It was my birthday earlier in the week and I got a little present from Klout – my score increased from 66 to 68.
I got a Klout bump.
And while I appreciate the algorithmic gesture , I’m pretty sure the upswing is strictly artificial – and short-lived.
My sense is it was caused by all the activity on Facebook, the well-wishing and back and forth – that I really appreciated by the way!
Those greetings had an immediate positive affect both on my psyche and Klout score. (more…)
Now I want to talk about that other type of insecurity – the psychological kind.
As individuals who are otherwise perfectly well adjusted, centred and completely at one with ourselves (aren’t we? ), we all have those gnawing feelings of self-doubt. And our online interactions often heighten them. As in: We went to high school together, why is that person taking so long to friend me?; I followed that colleague, shouldn’t they follow me back?; I just shared their blog post, the least they could do is say thank you…
The list goes on and on…and on. (more…)
Last Friday evening, I got an email from Twitter saying my account may have been compromised. I often get emails like that from spammers pretending to be banks or PayPal and attempting to get information. I never click on those.
The same goes for Twitter DMs that claim someone has a photo of you that is…well, shocking.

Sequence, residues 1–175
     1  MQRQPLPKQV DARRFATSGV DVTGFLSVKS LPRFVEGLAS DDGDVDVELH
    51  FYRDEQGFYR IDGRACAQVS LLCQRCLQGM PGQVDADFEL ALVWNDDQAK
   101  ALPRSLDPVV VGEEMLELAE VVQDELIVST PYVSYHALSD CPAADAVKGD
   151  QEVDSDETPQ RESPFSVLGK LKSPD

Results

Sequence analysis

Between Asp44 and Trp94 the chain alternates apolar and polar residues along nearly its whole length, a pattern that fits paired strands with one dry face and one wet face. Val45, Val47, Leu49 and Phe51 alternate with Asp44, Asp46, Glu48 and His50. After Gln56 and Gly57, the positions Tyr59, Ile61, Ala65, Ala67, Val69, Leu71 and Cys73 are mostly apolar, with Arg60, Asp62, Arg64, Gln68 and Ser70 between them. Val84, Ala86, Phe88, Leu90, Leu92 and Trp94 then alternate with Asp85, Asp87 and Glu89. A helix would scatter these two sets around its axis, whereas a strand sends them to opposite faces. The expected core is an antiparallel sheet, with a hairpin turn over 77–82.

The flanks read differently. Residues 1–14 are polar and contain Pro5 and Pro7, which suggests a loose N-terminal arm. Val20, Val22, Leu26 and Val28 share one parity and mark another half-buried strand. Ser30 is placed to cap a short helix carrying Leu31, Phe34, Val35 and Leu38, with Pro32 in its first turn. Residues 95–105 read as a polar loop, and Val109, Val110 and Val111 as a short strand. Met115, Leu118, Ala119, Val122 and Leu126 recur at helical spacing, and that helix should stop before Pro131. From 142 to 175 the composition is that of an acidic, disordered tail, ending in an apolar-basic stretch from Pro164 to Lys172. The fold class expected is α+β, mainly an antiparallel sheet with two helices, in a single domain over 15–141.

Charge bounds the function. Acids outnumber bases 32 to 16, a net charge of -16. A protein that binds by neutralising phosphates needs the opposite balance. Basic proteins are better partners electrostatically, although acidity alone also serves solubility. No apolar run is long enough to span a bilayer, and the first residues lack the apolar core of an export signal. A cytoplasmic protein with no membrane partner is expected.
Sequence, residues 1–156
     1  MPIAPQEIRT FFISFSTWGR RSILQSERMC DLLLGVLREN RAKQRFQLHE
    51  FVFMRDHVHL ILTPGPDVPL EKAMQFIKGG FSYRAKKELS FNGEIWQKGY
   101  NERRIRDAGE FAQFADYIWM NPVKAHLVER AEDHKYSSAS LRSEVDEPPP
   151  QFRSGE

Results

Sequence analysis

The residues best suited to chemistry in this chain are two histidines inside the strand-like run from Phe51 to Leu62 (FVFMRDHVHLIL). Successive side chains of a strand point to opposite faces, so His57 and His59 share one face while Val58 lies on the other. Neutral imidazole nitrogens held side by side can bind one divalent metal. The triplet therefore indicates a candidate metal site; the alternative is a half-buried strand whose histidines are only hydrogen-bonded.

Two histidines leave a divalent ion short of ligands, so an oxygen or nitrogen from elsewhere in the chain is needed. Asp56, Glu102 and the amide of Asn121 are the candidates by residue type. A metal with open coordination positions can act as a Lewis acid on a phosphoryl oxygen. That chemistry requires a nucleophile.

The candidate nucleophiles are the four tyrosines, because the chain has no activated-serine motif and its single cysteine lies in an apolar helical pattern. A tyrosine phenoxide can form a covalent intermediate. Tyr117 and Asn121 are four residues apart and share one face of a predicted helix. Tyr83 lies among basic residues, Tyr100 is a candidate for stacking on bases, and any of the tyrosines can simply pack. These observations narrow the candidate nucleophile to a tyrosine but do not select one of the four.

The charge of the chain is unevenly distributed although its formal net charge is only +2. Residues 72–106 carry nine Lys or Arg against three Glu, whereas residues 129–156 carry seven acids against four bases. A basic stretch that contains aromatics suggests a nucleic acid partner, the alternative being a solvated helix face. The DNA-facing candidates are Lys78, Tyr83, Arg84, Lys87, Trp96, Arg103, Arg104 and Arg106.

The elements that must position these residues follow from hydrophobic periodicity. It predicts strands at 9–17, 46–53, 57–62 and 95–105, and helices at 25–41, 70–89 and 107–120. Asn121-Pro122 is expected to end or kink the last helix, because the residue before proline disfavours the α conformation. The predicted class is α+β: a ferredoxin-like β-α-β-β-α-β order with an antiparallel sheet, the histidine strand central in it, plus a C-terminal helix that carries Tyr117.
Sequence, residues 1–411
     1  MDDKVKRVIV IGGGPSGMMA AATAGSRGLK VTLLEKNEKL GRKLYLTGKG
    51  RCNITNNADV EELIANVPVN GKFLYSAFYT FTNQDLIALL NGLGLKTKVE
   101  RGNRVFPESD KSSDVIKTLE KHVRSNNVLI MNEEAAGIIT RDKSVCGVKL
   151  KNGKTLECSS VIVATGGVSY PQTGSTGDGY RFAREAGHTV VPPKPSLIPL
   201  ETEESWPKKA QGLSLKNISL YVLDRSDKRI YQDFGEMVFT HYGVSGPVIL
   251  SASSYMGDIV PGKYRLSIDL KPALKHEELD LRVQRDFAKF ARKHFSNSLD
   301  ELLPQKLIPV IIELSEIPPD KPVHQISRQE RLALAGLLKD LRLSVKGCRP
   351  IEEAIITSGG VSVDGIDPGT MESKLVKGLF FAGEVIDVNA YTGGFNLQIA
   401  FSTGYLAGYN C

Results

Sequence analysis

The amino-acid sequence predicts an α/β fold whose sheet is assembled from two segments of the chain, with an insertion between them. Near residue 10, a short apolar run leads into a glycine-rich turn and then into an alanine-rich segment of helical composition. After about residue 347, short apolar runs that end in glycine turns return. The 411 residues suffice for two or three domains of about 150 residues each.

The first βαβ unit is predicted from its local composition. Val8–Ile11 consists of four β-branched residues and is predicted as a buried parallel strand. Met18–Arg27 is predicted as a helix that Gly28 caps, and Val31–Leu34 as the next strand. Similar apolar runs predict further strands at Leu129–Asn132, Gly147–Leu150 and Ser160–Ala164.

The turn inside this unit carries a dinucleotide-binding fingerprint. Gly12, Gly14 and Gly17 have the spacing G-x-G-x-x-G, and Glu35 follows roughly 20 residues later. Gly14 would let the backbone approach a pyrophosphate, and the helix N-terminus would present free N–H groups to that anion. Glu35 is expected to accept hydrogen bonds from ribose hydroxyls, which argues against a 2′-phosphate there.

So I wasn’t sure about the Twitter situation and decided to check the site’s blog. Sure enough there was a post indicating up to 250,000 accounts may have been hacked. There were other stories about it too. (more…)
- Well. You’re back.
- Um, what?
- It’s been a while since we’ve seen you here.
- Yes. Yes, I guess it has.
- So… what have you been up to?
- What do you mean?
- I mean, where were you? (more…)
Today, as I was making my holiday list, it occurred to me that giving gifts is a lot like creating good content.
Sure you can dash it off or recycle an old idea. But if you want to really engage people you need to put some energy and imagination into it and not simply go through the motions so you can cross it off your to-do list. (more…)
So in the spirit of the season, here are two suggestions. One is fiction, the other is not, but both are great stories that aim for the heights – and I happen to be friends with the authors (and in one case the publisher too). (more…)